What You Believe Consultative Selling Means

Mack Hanan wrote the book on Consultative Selling. The purpose was to shift the focus of salespeople to selling the value that they created instead of the product or service. It has nothing whatsoever to do with not selling, not competing, or being impartial. Mack would have advised nothing of the sort.

Consulting doesn’t mean either being impartial or not selling. And here, finally, is the crux of my argument:

Consultants sell their advice. Unless you sell and are paid solely for your advice, you sell something else and you are a salesperson. Embrace it.

Embrace it and understand that none of this is mutually exclusive.

You can be a salesperson who knows how to create a business improvement for their client, just like a consultant—in fact, you had better be that kind of salesperson.

You can also be a salesperson and be a trusted adviser—in fact, you’d be well advised to try to earn that moniker.

You can be consultative and still be a salesperson (even though most salespeople never get close to Mack Hanan’s vision . . . where selling price disappears completely). These ideas aren’t in any way mutually exclusive. What you cannot do, however, if you are to succeed in sales, is behave as if you get paid for offering your impartial and unbiased advice. Compete! Embrace it!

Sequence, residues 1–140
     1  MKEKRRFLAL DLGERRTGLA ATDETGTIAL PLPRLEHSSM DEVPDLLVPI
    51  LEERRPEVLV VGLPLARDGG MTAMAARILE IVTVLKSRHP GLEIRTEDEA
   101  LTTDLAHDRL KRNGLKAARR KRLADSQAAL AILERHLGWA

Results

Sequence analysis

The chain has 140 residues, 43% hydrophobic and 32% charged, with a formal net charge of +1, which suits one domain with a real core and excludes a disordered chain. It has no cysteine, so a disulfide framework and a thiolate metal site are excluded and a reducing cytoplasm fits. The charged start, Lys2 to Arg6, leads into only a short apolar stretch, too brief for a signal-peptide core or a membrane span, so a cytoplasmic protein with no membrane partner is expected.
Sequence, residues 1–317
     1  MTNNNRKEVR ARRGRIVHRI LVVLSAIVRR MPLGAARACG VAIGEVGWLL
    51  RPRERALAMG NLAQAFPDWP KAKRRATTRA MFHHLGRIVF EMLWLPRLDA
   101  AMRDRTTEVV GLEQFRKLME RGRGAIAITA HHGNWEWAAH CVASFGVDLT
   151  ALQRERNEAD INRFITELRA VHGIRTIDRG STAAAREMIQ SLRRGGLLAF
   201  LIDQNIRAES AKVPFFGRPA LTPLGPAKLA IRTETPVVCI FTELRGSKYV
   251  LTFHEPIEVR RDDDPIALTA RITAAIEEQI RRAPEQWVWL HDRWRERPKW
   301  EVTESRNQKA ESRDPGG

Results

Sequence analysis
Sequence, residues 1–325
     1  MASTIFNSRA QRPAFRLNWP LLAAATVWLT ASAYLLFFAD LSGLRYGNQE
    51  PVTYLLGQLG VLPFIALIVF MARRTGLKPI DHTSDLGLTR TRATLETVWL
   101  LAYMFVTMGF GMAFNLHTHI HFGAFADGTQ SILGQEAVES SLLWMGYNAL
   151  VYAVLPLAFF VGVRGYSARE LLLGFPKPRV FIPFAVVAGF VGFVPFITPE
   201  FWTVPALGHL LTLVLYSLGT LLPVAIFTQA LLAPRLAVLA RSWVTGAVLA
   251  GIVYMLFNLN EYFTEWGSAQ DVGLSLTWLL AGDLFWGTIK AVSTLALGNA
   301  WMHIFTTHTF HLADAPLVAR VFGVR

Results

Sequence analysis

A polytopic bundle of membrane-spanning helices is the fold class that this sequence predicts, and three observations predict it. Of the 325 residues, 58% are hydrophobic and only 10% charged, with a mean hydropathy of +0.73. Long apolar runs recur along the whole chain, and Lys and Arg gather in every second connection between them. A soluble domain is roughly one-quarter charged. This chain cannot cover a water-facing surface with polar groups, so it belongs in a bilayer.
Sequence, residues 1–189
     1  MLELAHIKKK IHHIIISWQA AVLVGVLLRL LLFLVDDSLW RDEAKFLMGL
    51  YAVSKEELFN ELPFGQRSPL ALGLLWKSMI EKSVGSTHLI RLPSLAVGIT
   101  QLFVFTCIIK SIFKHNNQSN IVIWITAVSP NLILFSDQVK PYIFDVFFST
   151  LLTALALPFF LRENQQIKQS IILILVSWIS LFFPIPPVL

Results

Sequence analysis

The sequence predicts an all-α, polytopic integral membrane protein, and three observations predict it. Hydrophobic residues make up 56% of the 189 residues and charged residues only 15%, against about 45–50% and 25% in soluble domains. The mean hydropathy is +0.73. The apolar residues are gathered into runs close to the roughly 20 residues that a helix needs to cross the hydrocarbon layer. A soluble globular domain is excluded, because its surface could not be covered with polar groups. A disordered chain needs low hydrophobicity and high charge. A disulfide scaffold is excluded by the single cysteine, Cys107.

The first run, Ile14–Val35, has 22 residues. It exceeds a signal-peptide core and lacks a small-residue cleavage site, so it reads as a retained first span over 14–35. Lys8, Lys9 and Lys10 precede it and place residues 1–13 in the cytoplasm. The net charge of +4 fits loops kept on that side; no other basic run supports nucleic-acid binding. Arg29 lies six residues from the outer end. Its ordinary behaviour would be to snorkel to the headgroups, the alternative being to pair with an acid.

Questions

Are you paid solely for your unbiased advice and recommendation?

Do you believe that you are expected to be unbiased? That your dream client doesn’t know why you are spending time with them? How you are paid? Do you believe they are offended? Are they offended any more than their clients are when they sell?

If you are not biased towards your own solution for a particular dream client, how do they qualify as a dream client and why are you pursuing them?

Consultative selling requires that you sell the business outcome and present those numbers. Do you give your client a price for your goods or services, or do you give them a price for creating an increase in their revenue, a decrease in their costs unrelated to price, and/or an increase in profit?

Comments

comments

  • Alen

    Anthony,
    I love this post! Many sales reps are calling themselves consultants just to avoid being seen as sales person. What a lie! If your role is to sell, then you are a salesperson, not a consultant.

    Thumbs up!

    Alen

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  • http://twitter.com/Juanbg Juan

    That’s right, at the end of the day either I feed my family or….no, no I don’t have options here. So we could be the best consultants, the best presenters, the most knowledged, etc, etc all of these is noise if at the end of the day —I do not close the sale, I do not bring the PO. That is what I really focus, results, either advancing on the complex sales, to closing the sale on the spot, but I have got to move forward all the time.

  • amigo